Historically, ethnography has been used to understand behaviours seemingly ‘strange’ to our own – most famously, coming of age rituals in Samoa, as documented by Margaret Mead. These days, ethnography is seen as valuable in understanding the more ‘familiar’ world around us and is increasingly being applied in the workplace. This year, investment banks will be using it as a tool to study their own internal cultures and understand how they can effect change.
But what exactly is it? And how can it help with culture change?
Ethnography is a research method used in anthropology and sociology concerned with studying cultures by observation in an undirected fashion. It could be critical to overcoming one of the most pressing challenges facing financial services today: cultural change.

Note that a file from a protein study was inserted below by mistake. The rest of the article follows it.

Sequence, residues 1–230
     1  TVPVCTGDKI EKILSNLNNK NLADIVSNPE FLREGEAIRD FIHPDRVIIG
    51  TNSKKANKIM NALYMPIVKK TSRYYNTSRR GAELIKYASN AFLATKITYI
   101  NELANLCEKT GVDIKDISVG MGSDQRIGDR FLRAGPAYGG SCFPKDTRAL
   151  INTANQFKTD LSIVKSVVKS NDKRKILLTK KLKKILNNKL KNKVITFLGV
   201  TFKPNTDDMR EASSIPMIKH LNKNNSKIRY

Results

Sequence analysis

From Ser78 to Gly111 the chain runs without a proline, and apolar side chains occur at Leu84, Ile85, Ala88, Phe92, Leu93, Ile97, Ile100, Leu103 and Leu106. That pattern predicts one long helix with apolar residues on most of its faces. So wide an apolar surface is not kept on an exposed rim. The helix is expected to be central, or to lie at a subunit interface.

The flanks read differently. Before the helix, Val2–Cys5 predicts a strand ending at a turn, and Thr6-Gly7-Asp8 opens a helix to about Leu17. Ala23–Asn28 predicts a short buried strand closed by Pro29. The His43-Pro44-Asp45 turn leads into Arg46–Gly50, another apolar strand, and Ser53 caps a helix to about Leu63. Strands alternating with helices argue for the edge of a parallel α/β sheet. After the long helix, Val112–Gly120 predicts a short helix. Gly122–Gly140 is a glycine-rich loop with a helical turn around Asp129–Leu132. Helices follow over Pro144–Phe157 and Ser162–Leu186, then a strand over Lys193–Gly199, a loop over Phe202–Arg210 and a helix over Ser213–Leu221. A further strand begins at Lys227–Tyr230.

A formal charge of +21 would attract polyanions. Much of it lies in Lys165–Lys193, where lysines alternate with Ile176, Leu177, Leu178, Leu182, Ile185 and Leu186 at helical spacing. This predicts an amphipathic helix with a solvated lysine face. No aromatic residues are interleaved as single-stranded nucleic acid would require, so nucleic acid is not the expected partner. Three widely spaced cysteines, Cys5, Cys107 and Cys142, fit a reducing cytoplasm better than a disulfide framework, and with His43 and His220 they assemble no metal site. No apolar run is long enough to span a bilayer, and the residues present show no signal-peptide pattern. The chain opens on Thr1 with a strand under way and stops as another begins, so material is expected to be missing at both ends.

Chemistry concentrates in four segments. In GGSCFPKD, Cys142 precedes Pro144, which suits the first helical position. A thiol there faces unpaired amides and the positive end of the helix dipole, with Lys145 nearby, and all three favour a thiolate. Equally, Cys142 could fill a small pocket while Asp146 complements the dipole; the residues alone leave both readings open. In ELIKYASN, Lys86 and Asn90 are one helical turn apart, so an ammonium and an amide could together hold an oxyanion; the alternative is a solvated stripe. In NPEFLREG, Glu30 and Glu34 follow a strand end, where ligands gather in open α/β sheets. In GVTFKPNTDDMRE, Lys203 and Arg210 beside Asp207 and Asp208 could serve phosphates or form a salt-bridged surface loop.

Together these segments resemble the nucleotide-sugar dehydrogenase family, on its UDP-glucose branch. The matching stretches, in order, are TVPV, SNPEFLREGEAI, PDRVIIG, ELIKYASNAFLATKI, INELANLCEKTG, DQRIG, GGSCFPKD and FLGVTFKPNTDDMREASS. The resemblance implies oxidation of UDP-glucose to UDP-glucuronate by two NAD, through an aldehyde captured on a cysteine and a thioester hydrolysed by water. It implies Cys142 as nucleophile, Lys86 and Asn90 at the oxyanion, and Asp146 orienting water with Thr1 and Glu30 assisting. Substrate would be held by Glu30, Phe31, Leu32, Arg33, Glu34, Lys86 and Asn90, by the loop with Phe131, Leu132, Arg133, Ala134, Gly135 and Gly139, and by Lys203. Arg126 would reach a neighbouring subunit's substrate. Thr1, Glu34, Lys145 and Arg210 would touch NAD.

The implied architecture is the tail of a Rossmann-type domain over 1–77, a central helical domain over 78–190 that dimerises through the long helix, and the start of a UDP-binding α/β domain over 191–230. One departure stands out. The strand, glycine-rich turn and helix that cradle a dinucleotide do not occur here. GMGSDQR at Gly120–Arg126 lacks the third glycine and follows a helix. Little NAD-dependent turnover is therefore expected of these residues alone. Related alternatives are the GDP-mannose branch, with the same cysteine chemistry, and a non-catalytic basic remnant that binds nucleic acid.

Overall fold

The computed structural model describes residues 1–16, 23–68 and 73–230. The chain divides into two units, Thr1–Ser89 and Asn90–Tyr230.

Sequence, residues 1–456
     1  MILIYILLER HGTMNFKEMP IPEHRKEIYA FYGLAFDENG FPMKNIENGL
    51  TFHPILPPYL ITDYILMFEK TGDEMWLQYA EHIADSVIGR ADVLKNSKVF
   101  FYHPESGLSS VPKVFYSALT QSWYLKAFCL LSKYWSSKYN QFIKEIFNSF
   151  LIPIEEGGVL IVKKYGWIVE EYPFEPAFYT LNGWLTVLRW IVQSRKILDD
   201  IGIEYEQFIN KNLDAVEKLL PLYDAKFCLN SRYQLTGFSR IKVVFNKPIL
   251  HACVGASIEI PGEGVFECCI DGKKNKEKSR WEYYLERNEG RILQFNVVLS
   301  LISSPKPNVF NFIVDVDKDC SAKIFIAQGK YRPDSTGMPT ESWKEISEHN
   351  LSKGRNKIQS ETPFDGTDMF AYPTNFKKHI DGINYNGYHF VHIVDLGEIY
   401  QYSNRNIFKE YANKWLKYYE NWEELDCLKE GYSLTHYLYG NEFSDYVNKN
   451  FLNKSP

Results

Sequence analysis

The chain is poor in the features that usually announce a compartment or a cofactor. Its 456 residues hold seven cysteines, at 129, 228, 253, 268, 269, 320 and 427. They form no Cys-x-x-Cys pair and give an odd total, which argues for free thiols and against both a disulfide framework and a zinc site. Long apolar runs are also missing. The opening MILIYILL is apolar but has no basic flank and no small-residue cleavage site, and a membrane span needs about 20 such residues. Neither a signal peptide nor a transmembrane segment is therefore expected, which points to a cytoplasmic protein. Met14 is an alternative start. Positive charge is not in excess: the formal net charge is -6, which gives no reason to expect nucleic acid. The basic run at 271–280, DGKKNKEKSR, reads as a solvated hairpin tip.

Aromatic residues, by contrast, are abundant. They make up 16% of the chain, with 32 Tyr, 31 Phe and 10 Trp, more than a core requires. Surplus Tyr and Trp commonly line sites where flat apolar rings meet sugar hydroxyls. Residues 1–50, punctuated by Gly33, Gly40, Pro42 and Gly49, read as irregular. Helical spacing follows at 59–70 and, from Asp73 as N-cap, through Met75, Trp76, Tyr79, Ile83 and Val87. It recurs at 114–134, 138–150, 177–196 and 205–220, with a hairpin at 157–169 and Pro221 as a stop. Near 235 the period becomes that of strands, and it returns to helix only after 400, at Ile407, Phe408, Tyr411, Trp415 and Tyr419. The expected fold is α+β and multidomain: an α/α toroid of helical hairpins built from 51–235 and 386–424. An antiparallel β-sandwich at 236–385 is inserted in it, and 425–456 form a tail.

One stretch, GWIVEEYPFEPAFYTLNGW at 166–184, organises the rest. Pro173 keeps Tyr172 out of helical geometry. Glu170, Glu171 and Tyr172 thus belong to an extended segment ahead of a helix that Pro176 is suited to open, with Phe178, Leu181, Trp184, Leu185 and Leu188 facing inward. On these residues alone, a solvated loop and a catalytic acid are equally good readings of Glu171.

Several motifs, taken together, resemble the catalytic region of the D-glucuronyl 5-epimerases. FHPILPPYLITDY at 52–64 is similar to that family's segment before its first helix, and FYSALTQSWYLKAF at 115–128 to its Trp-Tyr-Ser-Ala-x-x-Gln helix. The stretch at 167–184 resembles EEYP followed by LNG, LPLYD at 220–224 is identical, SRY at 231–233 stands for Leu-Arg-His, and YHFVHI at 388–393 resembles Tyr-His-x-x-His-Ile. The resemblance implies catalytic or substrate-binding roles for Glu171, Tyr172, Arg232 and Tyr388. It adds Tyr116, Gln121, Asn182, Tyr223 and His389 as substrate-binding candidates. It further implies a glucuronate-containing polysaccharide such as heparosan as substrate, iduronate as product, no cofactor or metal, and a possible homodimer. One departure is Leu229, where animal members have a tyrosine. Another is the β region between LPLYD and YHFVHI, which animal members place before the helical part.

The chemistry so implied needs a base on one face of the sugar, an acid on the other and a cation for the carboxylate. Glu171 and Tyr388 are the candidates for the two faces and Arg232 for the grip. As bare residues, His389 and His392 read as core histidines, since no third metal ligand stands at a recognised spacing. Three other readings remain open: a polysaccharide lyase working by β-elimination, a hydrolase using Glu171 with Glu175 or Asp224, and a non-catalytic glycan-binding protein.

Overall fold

It’s a “unique tool to diagnose problems, reveal hidden issues and hypothesise why existing efforts might have been ineffective,” says Dr Daniel Beunza, ethnography expert, associate professor of management at the Business School and award-winning author.
Such is its potential that the BSB, through its Change Ambassadors programme, is training employees from six investment banks to conduct ethnographic research and gather a new perspective on their workplaces to help them achieve much-sought after cultural change.
Here Dr Beunza tells us more about the potential of ethnography for financial organisations.
Why is ethnography a valuable tool for studying organisational cultures?
Over the past decade, organisational culture has become a focus of attention for banks and financial institutions across the UK and the US. Organisational psychology has been central to this; but for an issue as wide as culture, a range of techniques are helpful. Ethnography complements quantitative measures of culture with a qualitative and immersive approach, rooted in anthropology. As such, it can shed light on the reasons for changes in survey results and provide examples that turn numbers into stories, adding to the toolkit of the HR or culture manager.
How does one ‘do’ ethnography?